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Aadhaar Helpline Mystery: French Security Expert Tweets of doing a Full Disclosure Tomorrow about Code of the Google SetUP Wizard App

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Google comes up with a new feature

Google’s admission that it had in 2014 inadvertently coded the 112 distress number and the UIDAI helpline number into its setup wizard for Android devices triggered another controversy on Saturday as India’s telecom regulator had only recommended the use of 112 as an emergency number in April 2015.

After a large section of smartphone users in India saw a toll-free helpline number of UIDAI saved in their phone-books by default, Google issued a statement, saying its “internal review revealed that in 2014, the then UIDAI helpline number and the 112 distress helpline number were inadvertently coded into the SetUp wizard of the Android release given to OEMs for use in India and has remained there since”.

Aadhaar Helpline Number Mystery: French security expert tweets of doing a full disclosure tomorrow about Code of the Google SetUP Wizard App, Image: Wikimedia Commons.

However, the Telecom Regulatory Authority of India (TRAI) recommended only in April 2015 that the number 112 be adopted as the single emergency number for the country.

According to Google, “since the numbers get listed on a user’s contact list, these get  transferred accordingly to the contacts on any new device”.

Google was yet to comment on the new development.

Meanwhile, French security expert that goes by the name of Elliot Alderson and has been at the core of the entire Aadhaar controversy, tweeted on Saturday: “I just found something interesting. I will probably do full disclosure tomorrow”.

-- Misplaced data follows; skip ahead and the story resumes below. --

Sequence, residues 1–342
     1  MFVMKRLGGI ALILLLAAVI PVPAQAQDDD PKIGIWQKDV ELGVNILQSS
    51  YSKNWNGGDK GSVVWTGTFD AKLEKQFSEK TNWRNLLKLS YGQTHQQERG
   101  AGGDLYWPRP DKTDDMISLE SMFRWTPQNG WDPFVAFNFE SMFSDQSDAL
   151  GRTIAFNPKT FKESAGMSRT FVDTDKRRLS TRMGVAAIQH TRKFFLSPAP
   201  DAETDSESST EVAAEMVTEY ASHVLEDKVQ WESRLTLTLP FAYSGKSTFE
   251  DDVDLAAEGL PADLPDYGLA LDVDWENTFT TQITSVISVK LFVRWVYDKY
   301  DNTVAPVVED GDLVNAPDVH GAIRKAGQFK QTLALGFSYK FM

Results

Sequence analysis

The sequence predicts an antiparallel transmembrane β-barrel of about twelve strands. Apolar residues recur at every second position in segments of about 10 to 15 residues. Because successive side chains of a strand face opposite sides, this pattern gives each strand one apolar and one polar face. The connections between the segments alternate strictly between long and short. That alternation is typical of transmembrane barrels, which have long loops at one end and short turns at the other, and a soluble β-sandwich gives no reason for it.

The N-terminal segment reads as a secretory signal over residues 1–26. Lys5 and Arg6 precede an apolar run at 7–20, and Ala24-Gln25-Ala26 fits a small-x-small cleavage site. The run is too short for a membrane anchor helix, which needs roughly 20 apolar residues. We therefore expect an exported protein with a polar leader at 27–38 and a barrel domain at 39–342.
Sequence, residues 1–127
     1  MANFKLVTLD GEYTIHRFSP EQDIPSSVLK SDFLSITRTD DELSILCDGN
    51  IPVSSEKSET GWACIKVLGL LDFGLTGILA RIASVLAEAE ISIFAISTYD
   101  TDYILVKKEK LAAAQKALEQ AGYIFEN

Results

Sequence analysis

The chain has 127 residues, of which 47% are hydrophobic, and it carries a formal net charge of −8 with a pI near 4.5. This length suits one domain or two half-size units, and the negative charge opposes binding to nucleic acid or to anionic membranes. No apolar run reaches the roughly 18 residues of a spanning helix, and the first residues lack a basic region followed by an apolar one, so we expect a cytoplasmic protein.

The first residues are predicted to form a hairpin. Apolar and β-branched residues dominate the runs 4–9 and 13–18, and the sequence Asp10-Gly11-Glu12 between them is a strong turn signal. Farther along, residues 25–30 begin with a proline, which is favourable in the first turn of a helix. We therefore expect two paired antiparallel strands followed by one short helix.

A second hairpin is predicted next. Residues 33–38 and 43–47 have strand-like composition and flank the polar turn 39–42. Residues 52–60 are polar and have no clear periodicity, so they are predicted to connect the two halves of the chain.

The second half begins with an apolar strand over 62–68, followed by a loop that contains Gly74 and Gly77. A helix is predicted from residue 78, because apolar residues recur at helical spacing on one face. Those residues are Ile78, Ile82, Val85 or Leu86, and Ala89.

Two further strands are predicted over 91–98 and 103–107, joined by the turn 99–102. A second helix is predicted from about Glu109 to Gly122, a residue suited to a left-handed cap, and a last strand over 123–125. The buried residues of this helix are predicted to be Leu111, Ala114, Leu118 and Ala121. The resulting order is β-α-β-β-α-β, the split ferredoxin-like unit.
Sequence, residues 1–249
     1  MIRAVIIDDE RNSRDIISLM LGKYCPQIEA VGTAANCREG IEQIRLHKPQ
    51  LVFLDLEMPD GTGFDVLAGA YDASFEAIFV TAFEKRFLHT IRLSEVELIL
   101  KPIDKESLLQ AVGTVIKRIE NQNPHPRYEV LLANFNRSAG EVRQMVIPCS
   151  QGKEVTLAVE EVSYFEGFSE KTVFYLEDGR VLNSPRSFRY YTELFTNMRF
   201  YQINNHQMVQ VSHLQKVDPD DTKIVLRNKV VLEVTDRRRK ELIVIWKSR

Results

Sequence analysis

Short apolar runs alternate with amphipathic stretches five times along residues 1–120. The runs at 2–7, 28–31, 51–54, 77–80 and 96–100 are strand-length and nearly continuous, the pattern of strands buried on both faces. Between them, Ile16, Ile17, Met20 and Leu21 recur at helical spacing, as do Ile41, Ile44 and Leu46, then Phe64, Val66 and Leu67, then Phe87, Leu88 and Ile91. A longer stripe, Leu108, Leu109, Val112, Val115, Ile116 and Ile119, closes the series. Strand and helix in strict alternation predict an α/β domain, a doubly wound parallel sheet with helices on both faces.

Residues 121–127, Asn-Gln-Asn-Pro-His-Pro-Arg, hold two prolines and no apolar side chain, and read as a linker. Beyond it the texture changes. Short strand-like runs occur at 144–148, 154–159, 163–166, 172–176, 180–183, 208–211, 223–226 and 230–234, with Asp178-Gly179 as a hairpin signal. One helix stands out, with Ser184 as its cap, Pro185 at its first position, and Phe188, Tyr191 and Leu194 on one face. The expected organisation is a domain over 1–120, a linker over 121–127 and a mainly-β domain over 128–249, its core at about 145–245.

“I’m digging into the code of the @Google SetupWizard app and I found that”.

“As far as I can see this object is not used in the current code, so there is no implications. This is just a poor coding practice in term of security,” he further tweeted.

On Friday, both the Unique Identification Authority of India (UIDAI) as well as the telecom operators washed their hand of the issue.

While the telecom industry denied any role in the strange incident, the UIDAI said that he strange incident, the UIDAI said that some vested interests were trying to create “unwarranted confusion” in the public and clarified that it had not asked any manufacturer or telecom service provider to provide any such facility.

Twitter was abuzz with the new development after a huge uproar due to Telecom Regulatory Authority of India (TRAI) Chairman R.S. Sharma’s open Aadhaar challenge to critics and hackers.

Ethical hackers exposed at least 14 personal details of the TRAI Chairman, including mobile numbers, home address, date of birth, PAN number and voter ID among others. (IANS)

Also Read: Why India Is Still Nowhere Near Securing Its Citizens’ Data?